Researchers discover swamp microbe with pollution-munching superpower

Written by
Chris Emery, School of Engineering and Applied Science
April 11, 2018

A bacterium discovered by Princeton researchers in a New Jersey swamp may offer a more efficient method for treating ammonium, a pollutant found in sewage, fertilizer runoff and other forms of water pollution. The bacterium, Acidimicrobiaceae bacterium A6, is capable of breaking down ammonium in the absence of oxygen, an ability that could be useful for new methods to treat sewage or for remediating pollution in soil and groundwater where little oxygen is present.

After years of painstaking research, Princeton scientists reported the discovery of A6 and its unique abilities in the journal PLOS ONE. Prior research by the group in 2004 in a New Jersey wetland first uncovered that ammonium was being broken down naturally in the absence of oxygen along with a reduction in iron, a process dubbed Feammox. But only after extensive lab research was the group able to definitively confirm that the A6 bacterium was responsible.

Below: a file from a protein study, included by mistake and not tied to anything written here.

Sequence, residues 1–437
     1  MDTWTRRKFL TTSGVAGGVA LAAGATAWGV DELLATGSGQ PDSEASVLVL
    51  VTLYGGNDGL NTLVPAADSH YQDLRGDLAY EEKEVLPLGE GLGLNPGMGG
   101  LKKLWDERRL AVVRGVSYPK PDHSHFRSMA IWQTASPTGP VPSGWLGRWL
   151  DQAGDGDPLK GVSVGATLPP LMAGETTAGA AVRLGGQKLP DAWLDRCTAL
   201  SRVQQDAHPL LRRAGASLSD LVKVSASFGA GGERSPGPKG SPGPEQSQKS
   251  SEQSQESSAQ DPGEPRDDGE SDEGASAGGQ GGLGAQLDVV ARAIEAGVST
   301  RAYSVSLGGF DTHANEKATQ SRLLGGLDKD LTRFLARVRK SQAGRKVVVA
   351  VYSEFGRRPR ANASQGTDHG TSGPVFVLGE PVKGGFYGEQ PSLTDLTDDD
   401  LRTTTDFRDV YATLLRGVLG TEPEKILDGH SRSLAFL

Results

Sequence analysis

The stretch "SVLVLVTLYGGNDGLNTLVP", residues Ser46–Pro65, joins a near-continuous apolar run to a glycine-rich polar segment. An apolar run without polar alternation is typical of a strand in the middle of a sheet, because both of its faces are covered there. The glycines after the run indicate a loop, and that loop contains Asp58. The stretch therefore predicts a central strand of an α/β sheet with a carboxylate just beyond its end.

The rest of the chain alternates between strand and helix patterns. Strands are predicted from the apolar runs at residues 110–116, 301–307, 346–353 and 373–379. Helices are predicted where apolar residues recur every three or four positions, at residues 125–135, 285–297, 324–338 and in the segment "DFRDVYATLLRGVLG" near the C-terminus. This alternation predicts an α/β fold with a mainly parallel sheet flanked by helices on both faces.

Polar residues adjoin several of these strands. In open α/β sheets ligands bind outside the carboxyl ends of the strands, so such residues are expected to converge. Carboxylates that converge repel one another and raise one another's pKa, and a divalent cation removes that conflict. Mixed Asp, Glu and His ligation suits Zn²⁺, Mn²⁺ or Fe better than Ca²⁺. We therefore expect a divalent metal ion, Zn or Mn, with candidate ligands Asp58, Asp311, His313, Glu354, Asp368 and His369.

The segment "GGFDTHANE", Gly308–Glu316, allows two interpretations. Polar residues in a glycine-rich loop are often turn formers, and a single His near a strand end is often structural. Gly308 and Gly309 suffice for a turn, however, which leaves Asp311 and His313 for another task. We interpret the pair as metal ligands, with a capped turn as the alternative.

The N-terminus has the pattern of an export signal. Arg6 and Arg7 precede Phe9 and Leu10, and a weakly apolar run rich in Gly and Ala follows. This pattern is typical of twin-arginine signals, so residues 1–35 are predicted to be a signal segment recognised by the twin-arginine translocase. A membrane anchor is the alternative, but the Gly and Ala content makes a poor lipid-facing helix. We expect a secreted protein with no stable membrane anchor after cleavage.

Removing ammonium is important to prevent depletion of oxygen in streams and to prevent eutrophication, the growth of excessive algae and other plants triggered by nitrogen compounds from sewage and agricultural runoff. In their ongoing research combining field studies of the Feammox process in natural habitats with carefully controlled lab experiments, Princeton scientists hope to harness the microbe’s abilities and finetune the process to more efficiently eliminate pollutants.

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